The hostages who have been freed by Hamas from the Gaza Strip were given tranquilizer pills before being transferred to Israel in a bid to make them appear happier following their treatment in captivity, a report says.
Dr. Hagar Mizrahi, the head of the Israeli Ministry of Health’s medical division, told the Israeli government about the alleged druggings on Tuesday, according to The Times of Israel.
The newspaper reports that Mizrahi named the drug clonazepam, which is known outside of Israel as Klonopin and Rivotril. It would have made the hostages appear calm, happy and upbeat after suffering physical abuse, deprivation and psychological terror at the hands of the Palestinian terrorist group, the report said.
The National Institutes of Health describes clonazepam as being “used to relieve panic attacks,” among other purposes.
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The hostages, who spent more than 50 days in captivity, were first handed over to the International Red Cross before being transferred to Israel.
More than 240 people, Israelis and foreign nationals, were abducted to Gaza on Oct. 7 by Hamas terrorists who overran the border and massacred 1,200 people, according to the Israeli government.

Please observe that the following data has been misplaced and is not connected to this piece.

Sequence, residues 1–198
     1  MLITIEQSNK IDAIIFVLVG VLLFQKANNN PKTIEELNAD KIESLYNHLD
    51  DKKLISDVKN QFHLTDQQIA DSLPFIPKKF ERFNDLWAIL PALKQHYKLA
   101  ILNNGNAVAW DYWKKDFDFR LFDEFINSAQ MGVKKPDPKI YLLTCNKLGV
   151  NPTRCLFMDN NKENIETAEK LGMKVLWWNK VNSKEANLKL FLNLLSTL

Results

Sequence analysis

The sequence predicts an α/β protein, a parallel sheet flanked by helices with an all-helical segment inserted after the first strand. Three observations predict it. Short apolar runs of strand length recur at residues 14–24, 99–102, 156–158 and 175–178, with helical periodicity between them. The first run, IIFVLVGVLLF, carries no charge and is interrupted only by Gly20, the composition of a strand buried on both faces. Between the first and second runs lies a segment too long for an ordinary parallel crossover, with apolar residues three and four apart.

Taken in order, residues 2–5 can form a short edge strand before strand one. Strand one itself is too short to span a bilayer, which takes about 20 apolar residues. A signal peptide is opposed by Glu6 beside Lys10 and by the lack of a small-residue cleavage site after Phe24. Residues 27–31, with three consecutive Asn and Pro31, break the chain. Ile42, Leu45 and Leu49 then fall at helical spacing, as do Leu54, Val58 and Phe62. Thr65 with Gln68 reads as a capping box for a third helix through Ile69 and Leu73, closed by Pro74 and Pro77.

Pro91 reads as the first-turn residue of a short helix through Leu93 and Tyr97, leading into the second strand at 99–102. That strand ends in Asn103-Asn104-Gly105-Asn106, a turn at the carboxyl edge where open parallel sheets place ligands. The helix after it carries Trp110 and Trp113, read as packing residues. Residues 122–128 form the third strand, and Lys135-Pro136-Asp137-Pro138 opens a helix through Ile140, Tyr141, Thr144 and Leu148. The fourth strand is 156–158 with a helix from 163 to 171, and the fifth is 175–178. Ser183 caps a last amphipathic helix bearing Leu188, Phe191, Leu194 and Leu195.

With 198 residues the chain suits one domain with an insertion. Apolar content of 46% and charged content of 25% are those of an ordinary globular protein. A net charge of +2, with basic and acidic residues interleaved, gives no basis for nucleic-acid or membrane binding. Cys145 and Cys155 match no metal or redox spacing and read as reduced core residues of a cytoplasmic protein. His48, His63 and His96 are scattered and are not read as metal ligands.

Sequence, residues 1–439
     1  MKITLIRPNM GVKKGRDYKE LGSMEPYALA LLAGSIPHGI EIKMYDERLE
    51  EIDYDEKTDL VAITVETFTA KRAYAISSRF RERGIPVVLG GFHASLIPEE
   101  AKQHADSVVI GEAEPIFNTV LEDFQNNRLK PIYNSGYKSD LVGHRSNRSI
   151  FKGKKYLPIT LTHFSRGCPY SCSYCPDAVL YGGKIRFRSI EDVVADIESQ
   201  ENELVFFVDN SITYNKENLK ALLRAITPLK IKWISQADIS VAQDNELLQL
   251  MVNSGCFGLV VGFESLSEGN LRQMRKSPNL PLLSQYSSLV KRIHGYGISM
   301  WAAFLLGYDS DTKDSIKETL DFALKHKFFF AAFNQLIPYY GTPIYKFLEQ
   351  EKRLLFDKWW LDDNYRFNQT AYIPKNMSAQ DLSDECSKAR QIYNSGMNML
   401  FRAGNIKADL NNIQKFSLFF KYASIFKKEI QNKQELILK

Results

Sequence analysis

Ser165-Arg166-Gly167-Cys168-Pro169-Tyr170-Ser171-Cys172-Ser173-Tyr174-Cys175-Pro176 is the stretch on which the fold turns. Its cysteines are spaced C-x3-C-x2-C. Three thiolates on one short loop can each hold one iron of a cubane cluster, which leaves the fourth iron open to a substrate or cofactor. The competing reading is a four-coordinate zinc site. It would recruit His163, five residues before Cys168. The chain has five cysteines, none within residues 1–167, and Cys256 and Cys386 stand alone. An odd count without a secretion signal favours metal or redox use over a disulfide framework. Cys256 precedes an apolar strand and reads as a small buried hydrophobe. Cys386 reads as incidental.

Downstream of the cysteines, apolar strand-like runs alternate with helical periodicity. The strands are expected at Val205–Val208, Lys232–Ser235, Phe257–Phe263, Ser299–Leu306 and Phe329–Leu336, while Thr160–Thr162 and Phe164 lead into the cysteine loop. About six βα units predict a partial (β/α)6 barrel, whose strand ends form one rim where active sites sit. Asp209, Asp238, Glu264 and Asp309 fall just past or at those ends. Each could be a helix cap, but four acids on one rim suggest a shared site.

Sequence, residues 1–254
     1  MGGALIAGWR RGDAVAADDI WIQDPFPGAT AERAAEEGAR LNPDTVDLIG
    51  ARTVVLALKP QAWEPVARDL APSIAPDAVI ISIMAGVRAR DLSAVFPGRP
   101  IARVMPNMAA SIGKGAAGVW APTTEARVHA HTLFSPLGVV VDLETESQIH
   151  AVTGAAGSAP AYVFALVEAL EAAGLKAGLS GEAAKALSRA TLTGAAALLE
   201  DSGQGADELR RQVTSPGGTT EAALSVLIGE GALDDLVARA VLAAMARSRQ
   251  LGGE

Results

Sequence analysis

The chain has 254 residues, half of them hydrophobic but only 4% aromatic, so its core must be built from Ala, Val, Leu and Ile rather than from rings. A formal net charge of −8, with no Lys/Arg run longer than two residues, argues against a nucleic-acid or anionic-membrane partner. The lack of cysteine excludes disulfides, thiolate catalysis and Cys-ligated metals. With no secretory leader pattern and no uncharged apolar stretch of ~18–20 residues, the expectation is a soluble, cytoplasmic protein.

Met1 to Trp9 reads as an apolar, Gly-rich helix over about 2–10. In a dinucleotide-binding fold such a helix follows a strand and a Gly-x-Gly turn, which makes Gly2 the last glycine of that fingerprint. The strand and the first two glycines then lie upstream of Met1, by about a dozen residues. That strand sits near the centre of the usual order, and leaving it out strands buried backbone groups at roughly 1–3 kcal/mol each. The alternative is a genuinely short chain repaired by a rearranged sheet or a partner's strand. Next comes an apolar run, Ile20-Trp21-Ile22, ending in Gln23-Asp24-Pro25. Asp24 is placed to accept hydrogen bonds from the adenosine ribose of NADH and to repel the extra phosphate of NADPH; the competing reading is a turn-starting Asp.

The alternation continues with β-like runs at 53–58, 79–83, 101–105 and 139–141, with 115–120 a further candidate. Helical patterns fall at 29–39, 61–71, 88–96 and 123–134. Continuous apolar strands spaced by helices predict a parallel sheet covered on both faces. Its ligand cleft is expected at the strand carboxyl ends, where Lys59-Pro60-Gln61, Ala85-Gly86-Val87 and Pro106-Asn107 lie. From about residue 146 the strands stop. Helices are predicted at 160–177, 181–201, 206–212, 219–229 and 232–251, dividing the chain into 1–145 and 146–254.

Israel has responded with a fierce bombing campaign and ground operations in a military mission to wipe out the terrorist group.
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Israel and Hamas reached a temporary cease-fire agreement that took effect on Nov. 24, during which 110 hostages were freed by the terrorist group in exchange for some 240 Palestinian prisoners. The truce ended and fighting resumed on Nov. 30 after both sides accused the other of violating its terms.
A doctor who treated freed Hamas hostages in Israel told Fox News survivors are suffering from an unprecedented level of “extremely severe psychological abuse.”
“I can tell you that on behalf of all the medical and psychological teams treating those who return, the mental states we encountered have no precedent in medical literature. We feel that we have to rewrite the textbooks of post-trauma,” Dr. Renana Eitan said on “Sunday Night in America.”
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Eitan revealed the Tel Aviv Medical Center is actively treating more than 15 former hostages and described their “severe physical and mental abuse.” He claimed they were subject to “starvation, beating and sexual abuse” while being held in “inhumane sanitary conditions” by the terror group.
“Children were forced to watch brutal videos. They were under constant threats by weapons and threats to harm them even after they were released. They refer to the forced use of psychiatric drugs and other substances,” Eitan said.
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Israel’s military said Monday that 137 hostages, including women and children, remain held by Hamas terrorists inside the Gaza Strip.
“We have a moral obligation to continue to do everything to bring everyone home,” the Israel Defense Forces wrote on X.
Fox News Digital’s Christopher Lopez and Reuters contributed to this report.